Quote:
Originally Posted by FrankC View Post
There are two kinds of people that purchase products, those that open the package, study the instructions and then test the product, and those that open the package, remove the product and toss the package along with instructions in the garbage.

Many of us that are replacing a product that we are familiar with fit into the second group.

Some years ago I was helping my daughter, an engineer that reads and writes a lot of detailed reports, put up some curtain rods. Every time I picked up the drill it was stuck in a spot between forward and reverse, seems my daughter had read that when not using the drill to switch it to neutral so she was following instructions, I was not aware drills had a actual neutral.
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I forget about being stuck in neutral nearly every time I use it.

The center position between forward and reverse is a "lock out" so when the trigger is pushed in while in the tool bag it won't drain down the battery.
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post #13 of 22 Old 08-08-2019, 10:17 AM
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Quote:
Originally Posted by woodnthings View Post
The center position between forward and reverse is a "lock out" so when the trigger is pushed in while in the tool bag it won't drain down the battery.
I use the central "neutral" position as a chuck lock for when I want to use the drill/driver as a "jumbo manual screwdriver" in a final step to achieve an exact hand-feel tightness or for orienting screw heads exactly how I want them. It is faster and easier than putting down the drill/driver and picking up a screwdriver.
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post #14 of 22 Old 08-08-2019, 10:15 PM
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I find Wind River's series 4 planes are really good for the money. Yeah, I like Lie Nielson and Veritas, but generally can't justify the difference in price. It's all in how you tune them up anyway, although some of the tip top brands arrive perfectly tuned.
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post #15 of 22 Old 08-19-2019, 01:52 PM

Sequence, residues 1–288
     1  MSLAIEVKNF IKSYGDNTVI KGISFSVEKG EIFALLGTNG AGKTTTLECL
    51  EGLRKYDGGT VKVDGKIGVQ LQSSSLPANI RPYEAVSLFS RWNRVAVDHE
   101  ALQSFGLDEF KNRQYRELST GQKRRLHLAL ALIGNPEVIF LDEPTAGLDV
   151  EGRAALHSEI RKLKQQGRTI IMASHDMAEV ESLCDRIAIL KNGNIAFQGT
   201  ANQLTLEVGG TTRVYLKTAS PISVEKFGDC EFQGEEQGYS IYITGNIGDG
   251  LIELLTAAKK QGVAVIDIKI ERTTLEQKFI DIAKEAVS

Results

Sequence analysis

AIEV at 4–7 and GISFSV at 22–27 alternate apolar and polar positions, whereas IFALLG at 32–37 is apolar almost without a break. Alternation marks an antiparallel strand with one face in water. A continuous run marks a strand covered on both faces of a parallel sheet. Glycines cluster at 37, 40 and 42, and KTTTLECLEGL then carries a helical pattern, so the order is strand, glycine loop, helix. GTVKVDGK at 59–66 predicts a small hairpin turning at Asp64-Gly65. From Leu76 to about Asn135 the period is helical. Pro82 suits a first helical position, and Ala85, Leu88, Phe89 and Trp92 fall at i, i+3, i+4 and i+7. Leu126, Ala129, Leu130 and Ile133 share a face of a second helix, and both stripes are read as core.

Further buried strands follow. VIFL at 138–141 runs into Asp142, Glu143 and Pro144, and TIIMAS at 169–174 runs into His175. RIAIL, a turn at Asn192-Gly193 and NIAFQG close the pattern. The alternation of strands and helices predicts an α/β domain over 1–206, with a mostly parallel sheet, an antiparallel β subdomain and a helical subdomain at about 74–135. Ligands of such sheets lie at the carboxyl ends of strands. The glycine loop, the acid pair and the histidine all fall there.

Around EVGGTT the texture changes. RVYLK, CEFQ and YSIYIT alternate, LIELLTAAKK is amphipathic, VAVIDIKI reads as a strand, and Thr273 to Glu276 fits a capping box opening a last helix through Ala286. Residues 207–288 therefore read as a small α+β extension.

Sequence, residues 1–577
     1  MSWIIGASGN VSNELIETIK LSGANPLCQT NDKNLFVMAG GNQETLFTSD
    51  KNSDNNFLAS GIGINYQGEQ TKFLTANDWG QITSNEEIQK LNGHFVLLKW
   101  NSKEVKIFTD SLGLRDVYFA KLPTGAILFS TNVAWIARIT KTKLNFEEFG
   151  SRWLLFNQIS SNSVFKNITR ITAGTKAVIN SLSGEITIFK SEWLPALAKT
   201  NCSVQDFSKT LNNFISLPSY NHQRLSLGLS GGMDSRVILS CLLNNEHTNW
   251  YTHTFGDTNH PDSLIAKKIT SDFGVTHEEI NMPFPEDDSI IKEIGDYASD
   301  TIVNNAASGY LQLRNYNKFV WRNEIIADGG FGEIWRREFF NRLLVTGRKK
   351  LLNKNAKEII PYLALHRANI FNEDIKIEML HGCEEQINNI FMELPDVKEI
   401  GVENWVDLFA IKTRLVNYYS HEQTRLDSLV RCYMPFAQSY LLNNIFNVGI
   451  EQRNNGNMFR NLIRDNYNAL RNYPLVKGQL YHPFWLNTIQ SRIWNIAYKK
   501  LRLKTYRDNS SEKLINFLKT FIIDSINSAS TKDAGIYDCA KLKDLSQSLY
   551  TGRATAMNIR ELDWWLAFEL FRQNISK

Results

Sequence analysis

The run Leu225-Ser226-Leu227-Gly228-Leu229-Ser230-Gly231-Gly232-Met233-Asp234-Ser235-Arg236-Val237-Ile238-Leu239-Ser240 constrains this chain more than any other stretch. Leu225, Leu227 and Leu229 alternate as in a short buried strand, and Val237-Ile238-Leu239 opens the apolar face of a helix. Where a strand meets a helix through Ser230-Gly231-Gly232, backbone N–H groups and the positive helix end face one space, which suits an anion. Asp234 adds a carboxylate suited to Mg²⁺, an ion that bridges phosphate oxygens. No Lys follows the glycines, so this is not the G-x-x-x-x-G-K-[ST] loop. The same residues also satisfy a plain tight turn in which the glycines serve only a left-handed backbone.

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Interesting that this came up, as I only recently watched a review video on this. Apparently Grizzly and many other similar planes sold on sites like Amazon are manufactured in the same factory in India (with minor differences/features). Look up "Amazing Indian Hand-Planes" by Rex Kreuger on Youtube.
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post #16 of 22 Old 08-19-2019, 02:35 PM
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Just because 2 products come from the same factory does not mean they are the same. Each ''manufacturer' sets their own specs. For instance, the 2 different product manufacturers may specify the use of the same mold for the metal cabinets however one manufacturer wants 22 gauge steel while the other specifies 20 gauge. Heck, they may even specify different qualities. The same goes for the paint jobs and all the interior workings including bearings. So, the same factory doesn't mean as much as one would think.

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post #17 of 22 Old 08-19-2019, 03:18 PM
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A review of the Grizzly hand plane vs .....

This is a pretty honest review in my opinion:
https://www.amazon.com/Grizzly-H7569...language=en_US




The answer to your question will only be as detailed and specific as the question is detailed and specific. Good questions also include a sketch or a photo that illustrates your issue. (:< D)
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post #18 of 22 Old 08-20-2019, 02:49 PM
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Quote:
Originally Posted by Tony B View Post
Just because 2 products come from the same factory does not mean they are the same. Each ''manufacturer' sets their own specs. For instance, the 2 different product manufacturers may specify the use of the same mold for the metal cabinets however one manufacturer wants 22 gauge steel while the other specifies 20 gauge. Heck, they may even specify different qualities. The same goes for the paint jobs and all the interior workings including bearings. So, the same factory doesn't mean as much as one would think.
Yes, I understand that. But the video (which happens to be the same as the one woodnthings posted) does shed some light onto the subject, manufacturer, quality, differences, etc.